No innocents lost in this Eden
Using public funds to buy a luxury SUV for a bishop’s birthday request, that has got to be a no-brainer. The Constitution categorically states: “No public money or property shall be appropriated … directly or indirectly, for the use, benefit, or support of any church … or system of religion, or of any priest, preacher, minister, other religious teacher, or dignitary as such ….”
How categorical can it be? Directly or indirectly. Use, benefit or support. Any church or priest. That language is all-encompassing. It’s all got to do with the prohibited recipient: the bishopric donee of the Philippine Charity Sweepstakes Office’s bonanza. Under that rule, it is no excuse that the lucky bishops will use their 4×4 SUVs to deliver relief goods to their desperate flock in the boondocks.
First, that excuse is available only under the more refined three-fold test of the Establishment Clause, namely: one, that government money be used for a secular purpose; two, that its primary effect is neither to advance or inhibit religion; and three, that it will not entail “excessive entanglement” between the state and a religion.
Here we don’t even get to apply that test. What is at stake is not the broad language of the Establishment Clause (“No law shall be made respecting an establishment of religion ….”) but the specific and prohibitory language on the religious use of public funds (“No public money ….”). In interpreting laws, the specific and the prohibitory prevail over the general and the permissive. As the saying goes, “What part of ‘no’ don’t you understand?”
Second, the bishop’s SUV will still fail the three-fold test. Sure it will meet the first prong: delivering relief goods is obviously a “secular purpose.” But it’s all downhill from there. It will “advance [a] religion” because it will endear the bishop’s church to those barangays when the mighty 4×4 drives in through rain and fog to bring food for the hungry and medicine for the sick.
Granting that religious advancement is not the “primary effect,” it will still fail the third prong. The only way to ensure that the SUV is used only to deliver relief goods and not to ferry the guests at the bishop’s birthday bash is for the state to monitor the bishop’s daily schedule. This is precisely the “excessive entanglement” that the third prong seeks to avoid.
Either way, when Butuan Bishop Juan de Dios Pueblos says that the P1.7 million SUV was given to him as a birthday gift which he requested for his community service, he ran afoul of the Philippine Constitution.
But the debate doesn’t end there. Let’s face it. In Roman Catholic Philippines especially, there’s the inevitable overlap between the welfare functions of the state and the ministering mission of the faith. And how can we object when secular and religious powers exercise a “preferential option for the poor”?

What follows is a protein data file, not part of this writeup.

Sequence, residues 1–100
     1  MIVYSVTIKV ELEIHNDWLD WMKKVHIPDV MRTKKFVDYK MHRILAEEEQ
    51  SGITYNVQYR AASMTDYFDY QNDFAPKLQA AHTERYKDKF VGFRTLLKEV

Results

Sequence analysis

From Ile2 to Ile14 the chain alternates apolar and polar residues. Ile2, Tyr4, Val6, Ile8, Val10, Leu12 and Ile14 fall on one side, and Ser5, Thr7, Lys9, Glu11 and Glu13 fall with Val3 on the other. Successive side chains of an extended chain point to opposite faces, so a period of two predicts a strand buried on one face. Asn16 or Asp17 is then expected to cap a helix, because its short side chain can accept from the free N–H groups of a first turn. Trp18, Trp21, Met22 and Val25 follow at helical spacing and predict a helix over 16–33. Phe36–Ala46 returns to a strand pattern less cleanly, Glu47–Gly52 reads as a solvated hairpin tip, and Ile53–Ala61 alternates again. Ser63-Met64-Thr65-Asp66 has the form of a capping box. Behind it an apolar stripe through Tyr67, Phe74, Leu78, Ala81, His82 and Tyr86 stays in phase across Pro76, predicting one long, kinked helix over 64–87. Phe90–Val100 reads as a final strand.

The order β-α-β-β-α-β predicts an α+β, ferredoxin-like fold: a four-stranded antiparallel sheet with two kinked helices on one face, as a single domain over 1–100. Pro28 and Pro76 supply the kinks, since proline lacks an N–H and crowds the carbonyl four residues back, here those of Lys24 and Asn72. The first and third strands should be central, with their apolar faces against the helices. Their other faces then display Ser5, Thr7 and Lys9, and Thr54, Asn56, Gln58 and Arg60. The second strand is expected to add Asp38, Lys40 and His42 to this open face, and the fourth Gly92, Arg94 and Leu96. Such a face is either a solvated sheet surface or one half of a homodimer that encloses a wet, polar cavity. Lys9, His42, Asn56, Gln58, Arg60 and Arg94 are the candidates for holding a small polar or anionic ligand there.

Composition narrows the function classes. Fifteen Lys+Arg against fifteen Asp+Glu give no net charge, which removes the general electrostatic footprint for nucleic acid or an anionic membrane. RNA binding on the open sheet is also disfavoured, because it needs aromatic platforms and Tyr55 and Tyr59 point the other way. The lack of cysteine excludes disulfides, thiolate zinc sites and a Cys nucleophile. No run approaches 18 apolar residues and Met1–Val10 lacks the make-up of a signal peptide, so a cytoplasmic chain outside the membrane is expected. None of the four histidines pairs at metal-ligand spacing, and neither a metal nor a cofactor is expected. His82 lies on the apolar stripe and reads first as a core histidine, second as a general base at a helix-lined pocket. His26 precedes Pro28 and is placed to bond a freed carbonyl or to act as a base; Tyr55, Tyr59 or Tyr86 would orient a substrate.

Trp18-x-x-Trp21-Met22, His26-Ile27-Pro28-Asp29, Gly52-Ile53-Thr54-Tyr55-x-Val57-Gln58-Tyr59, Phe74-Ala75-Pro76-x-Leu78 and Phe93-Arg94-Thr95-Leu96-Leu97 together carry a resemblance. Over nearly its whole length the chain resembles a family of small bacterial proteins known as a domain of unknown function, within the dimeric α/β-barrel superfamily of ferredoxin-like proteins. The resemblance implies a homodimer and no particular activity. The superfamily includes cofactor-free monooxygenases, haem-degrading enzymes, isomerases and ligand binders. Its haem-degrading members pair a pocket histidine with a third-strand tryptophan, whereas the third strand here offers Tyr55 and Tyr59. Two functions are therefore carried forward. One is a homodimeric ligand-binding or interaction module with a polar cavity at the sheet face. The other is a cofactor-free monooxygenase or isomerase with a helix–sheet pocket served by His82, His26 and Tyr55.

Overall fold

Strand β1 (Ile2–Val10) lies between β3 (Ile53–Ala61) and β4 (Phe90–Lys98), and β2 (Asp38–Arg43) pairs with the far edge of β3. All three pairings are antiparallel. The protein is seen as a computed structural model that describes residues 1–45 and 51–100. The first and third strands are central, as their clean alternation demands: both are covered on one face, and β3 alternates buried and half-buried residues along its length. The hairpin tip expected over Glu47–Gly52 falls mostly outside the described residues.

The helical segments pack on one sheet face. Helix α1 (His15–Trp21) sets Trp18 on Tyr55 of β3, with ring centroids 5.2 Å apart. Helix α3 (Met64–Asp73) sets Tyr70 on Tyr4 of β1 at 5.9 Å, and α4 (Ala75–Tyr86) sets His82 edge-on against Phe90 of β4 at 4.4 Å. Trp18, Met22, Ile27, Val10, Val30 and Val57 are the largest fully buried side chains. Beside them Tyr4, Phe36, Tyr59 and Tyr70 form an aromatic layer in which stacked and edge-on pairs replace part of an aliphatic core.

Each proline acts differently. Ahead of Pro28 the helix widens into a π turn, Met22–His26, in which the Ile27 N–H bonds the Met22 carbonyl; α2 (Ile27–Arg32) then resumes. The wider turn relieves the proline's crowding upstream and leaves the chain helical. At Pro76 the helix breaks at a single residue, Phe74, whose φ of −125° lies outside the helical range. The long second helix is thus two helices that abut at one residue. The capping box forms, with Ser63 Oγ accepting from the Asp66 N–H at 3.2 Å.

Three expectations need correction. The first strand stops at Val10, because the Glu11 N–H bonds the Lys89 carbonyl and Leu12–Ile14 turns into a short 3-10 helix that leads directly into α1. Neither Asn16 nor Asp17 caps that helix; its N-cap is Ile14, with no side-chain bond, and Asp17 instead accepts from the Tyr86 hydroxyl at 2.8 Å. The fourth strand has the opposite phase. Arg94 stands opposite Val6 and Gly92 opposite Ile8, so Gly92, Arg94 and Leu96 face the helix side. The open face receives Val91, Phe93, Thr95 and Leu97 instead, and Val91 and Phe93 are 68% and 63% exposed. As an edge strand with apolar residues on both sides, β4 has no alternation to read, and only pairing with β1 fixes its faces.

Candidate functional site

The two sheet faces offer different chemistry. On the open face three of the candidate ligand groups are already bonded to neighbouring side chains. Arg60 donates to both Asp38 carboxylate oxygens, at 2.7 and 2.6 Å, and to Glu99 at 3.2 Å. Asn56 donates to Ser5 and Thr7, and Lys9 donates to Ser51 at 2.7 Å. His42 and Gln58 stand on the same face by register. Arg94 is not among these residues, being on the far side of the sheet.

The days when the state limited itself to traditional “nightwatchman” functions—running the police, manning the armies, maintaining the jails—is long over. In the age of the welfare state, governments are expected to take care of its citizen’s workaday needs: schools for children, hospitals for the sick, land for the peasants, homes for the homeless, clean air and rivers for all. In the current controversy, clearly all that is properly within the scope of the PCSO’s functions.
Mercifully the Catholic Church has taken a parallel path. It used to be that the Word made Flesh preferred to deny the flesh and focus mainly on the Word. Today it has stepped outside the temples and gone beyond ritual and ceremony. It used to be that the goal was to save souls and fixate on the afterlife. Today the Church has come around to saving lives and securing God’s justice in this life, in this world.
How else can we explain Gawad Kalinga, originally organized by the Couples for Christ? Or Task Force Detainees, pioneered by the Association of Major Religious Superiors during the long, dark night of martial law? Or Preda Foundation, started by Fr. Shay Cullen, an Irish Columban missionary (and a Filipino couple, Merle and Alex Hermoso)? Or more recently, the Parish Pastoral Council for Responsible Voting? How indeed can anyone object not just to their noble work but also the prospect of them getting some government support?
But that precisely is the question. Public money could have gone to GK’s low-income housing, or medical care for TFD’s human rights victims, or rehabilitation for the victimized children under Preda’s care, but it did not.
While there is no room for debate on the correctness of publicly-funded luxury goods for clerics, there is such room when it comes to faith-based activist organizations. These organizations must deliberately surface their lay and secular character, while being candid about their religious inspiration. They have merely stepped into the vacuum left by secular movements that have ceased to embody the public man, the “species-being.”
Bishop Pueblos has disclosed that he got the SUV around the time when Arroyo appointed him to a fact-finding team on extrajudicial killings. Whichever way that team adjudged the killings, and whichever came first, the SUV birthday gift or the appointment, the timing is woefully suspect.
Thomas Jefferson spoke of the “garden of the church and the wilderness of the world.” The sad lesson here is that it’s not about public funds as forbidden fruit, or clerics as forbidden fruit eaters. It’s that, even in the garden of the church, there was no innocence to be lost.
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